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Bad weather dampens construction output in February

Monthly construction output decreased by 0.1% to £14,610 million in volume terms in February 2022 compared with January 2022. This is the first monthly decrease since October 2021 (a fall of 0.9%) following three consecutive months of growth.

Storms Dudley, Eunice and Franklin bought heavy rain across much of Great Britain between 16 to 21 February 2022. For the construction industry, this caused delays and led to some projects being suspended because more working days were lost on site than normal for this time of the year. However, some businesses reported a positive impact as they picked up repair and maintenance work caused from storm damage.

Table 1:

Anecdotal evidence suggested some of the issues in sourcing construction products remained. High costs and shortages of materials, particularly for the smaller sized firms, are still mentioned.

Despite these challenges, demand continued to be strong. New orders in the construction industry grew by 9.2% in Quarter 4 (Oct to Dec) 2021 compared with Quarter 3 (July to Sept) 2021. And, all sectors recovered to above their pre-coronavirus level.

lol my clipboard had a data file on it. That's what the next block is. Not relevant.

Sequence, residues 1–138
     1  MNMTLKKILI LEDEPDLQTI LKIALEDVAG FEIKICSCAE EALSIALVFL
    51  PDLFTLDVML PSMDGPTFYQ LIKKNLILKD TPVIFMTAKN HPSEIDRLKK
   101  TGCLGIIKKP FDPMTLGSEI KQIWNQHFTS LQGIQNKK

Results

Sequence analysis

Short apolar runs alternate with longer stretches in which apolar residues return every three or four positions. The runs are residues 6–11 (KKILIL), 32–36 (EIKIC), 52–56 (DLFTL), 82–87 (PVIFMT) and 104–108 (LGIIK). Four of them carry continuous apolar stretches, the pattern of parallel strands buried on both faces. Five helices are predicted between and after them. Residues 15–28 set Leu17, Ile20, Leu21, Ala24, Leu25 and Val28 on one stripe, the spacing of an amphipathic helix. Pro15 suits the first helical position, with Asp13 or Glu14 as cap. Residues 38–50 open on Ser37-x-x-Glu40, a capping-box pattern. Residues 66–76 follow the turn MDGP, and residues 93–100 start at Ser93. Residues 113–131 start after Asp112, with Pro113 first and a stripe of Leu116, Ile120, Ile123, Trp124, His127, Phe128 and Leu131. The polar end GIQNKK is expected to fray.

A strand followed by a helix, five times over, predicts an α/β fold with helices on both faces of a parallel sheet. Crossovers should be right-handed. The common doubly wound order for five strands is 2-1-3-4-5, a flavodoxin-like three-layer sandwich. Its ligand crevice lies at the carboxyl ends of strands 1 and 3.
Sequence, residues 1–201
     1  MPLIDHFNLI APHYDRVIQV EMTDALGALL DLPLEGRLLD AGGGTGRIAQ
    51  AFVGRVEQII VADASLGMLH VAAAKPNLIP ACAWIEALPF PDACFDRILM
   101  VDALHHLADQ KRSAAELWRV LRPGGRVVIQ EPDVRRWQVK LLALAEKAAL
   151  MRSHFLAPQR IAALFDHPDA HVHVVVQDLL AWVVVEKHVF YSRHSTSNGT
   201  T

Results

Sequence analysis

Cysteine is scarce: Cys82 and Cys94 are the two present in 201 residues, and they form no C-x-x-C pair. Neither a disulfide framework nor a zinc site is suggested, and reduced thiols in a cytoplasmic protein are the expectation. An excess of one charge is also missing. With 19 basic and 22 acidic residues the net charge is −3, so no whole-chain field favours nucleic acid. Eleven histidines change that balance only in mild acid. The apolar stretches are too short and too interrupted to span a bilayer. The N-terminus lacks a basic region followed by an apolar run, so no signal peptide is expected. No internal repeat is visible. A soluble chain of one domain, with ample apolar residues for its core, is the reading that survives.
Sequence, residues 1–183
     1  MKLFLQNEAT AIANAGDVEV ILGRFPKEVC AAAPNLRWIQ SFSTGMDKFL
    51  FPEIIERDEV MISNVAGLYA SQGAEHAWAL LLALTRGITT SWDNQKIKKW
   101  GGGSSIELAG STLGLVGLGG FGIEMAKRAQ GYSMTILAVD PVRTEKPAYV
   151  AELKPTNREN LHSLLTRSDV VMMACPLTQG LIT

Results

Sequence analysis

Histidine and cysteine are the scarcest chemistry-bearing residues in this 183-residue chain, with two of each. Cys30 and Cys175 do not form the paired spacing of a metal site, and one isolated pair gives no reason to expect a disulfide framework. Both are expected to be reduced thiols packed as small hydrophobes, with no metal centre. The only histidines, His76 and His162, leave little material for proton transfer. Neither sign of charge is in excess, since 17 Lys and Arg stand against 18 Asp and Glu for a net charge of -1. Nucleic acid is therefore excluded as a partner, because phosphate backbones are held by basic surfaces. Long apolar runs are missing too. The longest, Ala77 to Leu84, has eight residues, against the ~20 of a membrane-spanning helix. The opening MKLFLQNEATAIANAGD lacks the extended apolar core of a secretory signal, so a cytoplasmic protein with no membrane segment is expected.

The 0.1% decrease in construction output in February 2022 represents a fall of £17m compared with January 2022. Six out of the nine sectors saw a monthly decrease in February 2022.

Table 2:

Infrastructure new work and non-housing repair and maintenance were the largest contributions to the monthly decrease, decreasing 2.5% (£60m) and 0.9% (£25m) respectively.

The decrease in monthly growth in February 2022 in infrastructure new work is the sixth monthly decline out of the last seven months. This is despite infrastructure being the sector that is highest above its pre-coronavirus level (Table 1).

Public other new work, private housing new work and public housing repair and maintenance increased 10.5% (£74m), 0.5% (£17m) and 3.6% (£21m), respectively. The increase in public other new work follows three consecutive monthly falls.

At the start of 2022, price rises are continuing to have a noticeable downward impact in volume terms for monthly output growth. Table 3 shows this by comparing monthly growth in value terms (the impact of price changes included) with volume terms (the impact of price changes removed). They are both on a seasonally adjusted basis.

Table 3:

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